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Saturday, 25 October 2014

I have nothing against your left leg

"Well done - you're mobile already," Susan says, entering my room in the University Hospital, Leipzig on the second day after surgery, and admiring my moving legs briefly, before frowning.

"Why are you walking like that?" she says.

"You noticed?" I say, coming to a halt with a slight wobble and a list to the left, which I'm coming to think of already as my good side.

"Couldn't help it," she says. "Sticks out a mile. Almost literally. Why's your right leg flying out to the side like that?"

"Dunno," I say. "Seems to have a mind of its own since the op. Other one's fine though - look." I take a perfectly straight step with my left leg.

"Now do the right," she says. "Bloody hell! That was almost backwards."

"I know. I think it's all coming from the foot. Seems to get its signals scrambled, pick up a random direction, anywhere from straight back to full ahead, then does that flying out thing and the leg has to follow."

Her frown grows deeper. "You know I said I'd stick by you, no matter what?" she says. "Incontinence, impotence, turning into a vegetable?"

"I do. And it's fantastic that you took time off work to come here with me. It would have been a long hard week without you."

"There is a get-out clause," she says and my heart sinks.


"It doesn't include us walking up the street, back home, with you looking like the Ministry of Silly Walks. It's too embarrassing. Folk will go 'What's a good-looking chick like her doing with a man with a daft leg? She could have done so much better."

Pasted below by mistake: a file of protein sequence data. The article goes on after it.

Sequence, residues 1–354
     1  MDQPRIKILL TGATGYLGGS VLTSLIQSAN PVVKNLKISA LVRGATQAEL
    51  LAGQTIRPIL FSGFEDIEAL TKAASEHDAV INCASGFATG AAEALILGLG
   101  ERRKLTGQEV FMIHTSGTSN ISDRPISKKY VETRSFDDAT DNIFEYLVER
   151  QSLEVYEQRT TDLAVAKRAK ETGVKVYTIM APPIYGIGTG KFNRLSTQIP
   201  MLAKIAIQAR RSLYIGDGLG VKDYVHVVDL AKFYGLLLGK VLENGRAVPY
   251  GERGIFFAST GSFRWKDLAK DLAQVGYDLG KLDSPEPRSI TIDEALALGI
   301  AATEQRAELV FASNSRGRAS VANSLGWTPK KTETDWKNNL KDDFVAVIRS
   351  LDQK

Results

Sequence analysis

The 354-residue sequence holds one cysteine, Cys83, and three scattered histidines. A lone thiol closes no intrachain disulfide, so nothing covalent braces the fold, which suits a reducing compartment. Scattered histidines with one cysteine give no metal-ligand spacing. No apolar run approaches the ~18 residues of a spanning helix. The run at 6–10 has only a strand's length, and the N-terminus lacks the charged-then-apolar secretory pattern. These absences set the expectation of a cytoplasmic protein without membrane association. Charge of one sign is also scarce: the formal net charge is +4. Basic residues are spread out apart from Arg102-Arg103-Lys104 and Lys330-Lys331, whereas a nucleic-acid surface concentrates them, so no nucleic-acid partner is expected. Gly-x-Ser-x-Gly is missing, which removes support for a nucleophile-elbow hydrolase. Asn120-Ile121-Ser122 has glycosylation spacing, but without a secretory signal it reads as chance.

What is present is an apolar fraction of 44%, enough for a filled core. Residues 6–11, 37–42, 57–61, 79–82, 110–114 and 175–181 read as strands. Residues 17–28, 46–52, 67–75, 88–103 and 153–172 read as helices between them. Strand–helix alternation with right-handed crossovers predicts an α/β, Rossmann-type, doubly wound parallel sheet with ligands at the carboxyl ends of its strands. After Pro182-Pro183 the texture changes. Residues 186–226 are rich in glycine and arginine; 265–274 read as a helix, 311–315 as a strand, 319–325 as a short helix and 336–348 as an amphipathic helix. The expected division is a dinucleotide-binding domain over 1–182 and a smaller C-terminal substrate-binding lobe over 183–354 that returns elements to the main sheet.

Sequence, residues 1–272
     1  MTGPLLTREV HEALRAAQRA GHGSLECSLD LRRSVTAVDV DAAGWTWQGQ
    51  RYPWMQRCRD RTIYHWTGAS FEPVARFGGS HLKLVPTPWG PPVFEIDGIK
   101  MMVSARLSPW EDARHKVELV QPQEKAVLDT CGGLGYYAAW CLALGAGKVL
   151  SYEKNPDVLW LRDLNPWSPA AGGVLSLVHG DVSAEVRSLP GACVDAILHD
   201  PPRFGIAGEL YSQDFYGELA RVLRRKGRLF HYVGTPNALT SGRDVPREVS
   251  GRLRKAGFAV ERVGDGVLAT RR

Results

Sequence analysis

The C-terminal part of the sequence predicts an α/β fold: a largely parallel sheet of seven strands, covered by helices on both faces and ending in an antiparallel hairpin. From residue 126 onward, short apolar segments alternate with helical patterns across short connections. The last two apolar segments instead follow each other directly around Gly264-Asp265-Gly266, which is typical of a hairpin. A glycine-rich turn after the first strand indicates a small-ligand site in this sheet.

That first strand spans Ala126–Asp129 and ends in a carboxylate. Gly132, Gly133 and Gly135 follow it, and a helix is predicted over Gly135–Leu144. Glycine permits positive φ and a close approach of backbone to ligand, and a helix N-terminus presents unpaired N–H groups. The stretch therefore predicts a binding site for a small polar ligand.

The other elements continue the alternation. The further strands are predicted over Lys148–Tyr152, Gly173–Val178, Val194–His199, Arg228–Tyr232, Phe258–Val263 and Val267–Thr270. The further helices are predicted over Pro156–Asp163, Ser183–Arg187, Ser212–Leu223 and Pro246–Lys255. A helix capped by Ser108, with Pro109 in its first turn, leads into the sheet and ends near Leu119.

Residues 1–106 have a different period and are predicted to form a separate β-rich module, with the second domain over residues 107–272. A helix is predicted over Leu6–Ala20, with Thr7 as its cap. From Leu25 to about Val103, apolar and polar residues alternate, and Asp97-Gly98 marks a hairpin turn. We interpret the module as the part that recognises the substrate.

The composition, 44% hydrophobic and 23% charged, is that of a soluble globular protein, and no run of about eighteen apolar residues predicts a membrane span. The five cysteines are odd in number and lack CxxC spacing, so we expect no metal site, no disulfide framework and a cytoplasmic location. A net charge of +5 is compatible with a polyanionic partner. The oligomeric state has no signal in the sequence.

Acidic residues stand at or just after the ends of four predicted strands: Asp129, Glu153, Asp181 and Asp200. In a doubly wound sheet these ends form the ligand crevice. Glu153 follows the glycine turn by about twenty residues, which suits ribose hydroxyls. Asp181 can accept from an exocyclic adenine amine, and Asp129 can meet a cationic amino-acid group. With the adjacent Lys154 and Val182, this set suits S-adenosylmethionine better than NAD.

"You'd dump me because I have a bad leg?" 

"It's not a bad leg," she says. "It's a mad leg."

"Couldn't you ignore it?" I say.

"No," she says. "What about the flight back? You'll be walking up the aisle and your foot will fly off and put somebody's eye out. Can't you fix it? You're the engineer."

"How?" I say.

"I dunno," she says. "Tie your knees together with a piece of string?"

"Could work," I say, scratching my chin. "Large elastic band would be even better. I'll get onto it."

"How do you think it happened?" she says.

"I'm guessing the surgeon nicked one of the big nerves with his knife when he was rootling around my prostate. It'll take time to settle."

"Just so it's not too long a time," she says.

"Good thing is I think this right foot is going to be famous one day," I say, and she starts shaking her head.

"Go on," she says.

"It's already a leg-end in its own knife time," I say and she rolls her eyes.

"You have to stop talking to Gregor Steele," she says. "He's a bad influence. What can I bring you from the shops today?"

"Salt," I say. "You can't get it in here."

"That's because it's bad for you," she says. 

"Nonsense, boy, as my old Latin teacher used to say, every time I spoke. 'Nonsense, drivel, rubbish and other similar expressions.' We evolved from the sea. Every single cell in our bodies needs salt. Our bloodstream is a wee salty sea we carry around from ancient times, when we were fish."

"I wonder if that's what's wrong with your foot," she says. 


"You're not getting enough salt. So you've started to de-evolve. Your foot is turning into a flipper and searching for the sea."

I waggle it and watch how it moves. "You know I think you're right," I say. 

"I'll be back soon, gimme a cuddle," she says and I try. I really do. But the flipper shoots off backwards and forces me to follow it towards the window. 

"See you later," she says and I give her a cheery wave over my shoulder, study the student cyclists on Stephanstrasse and wonder if it is a long way from here to the ocean.

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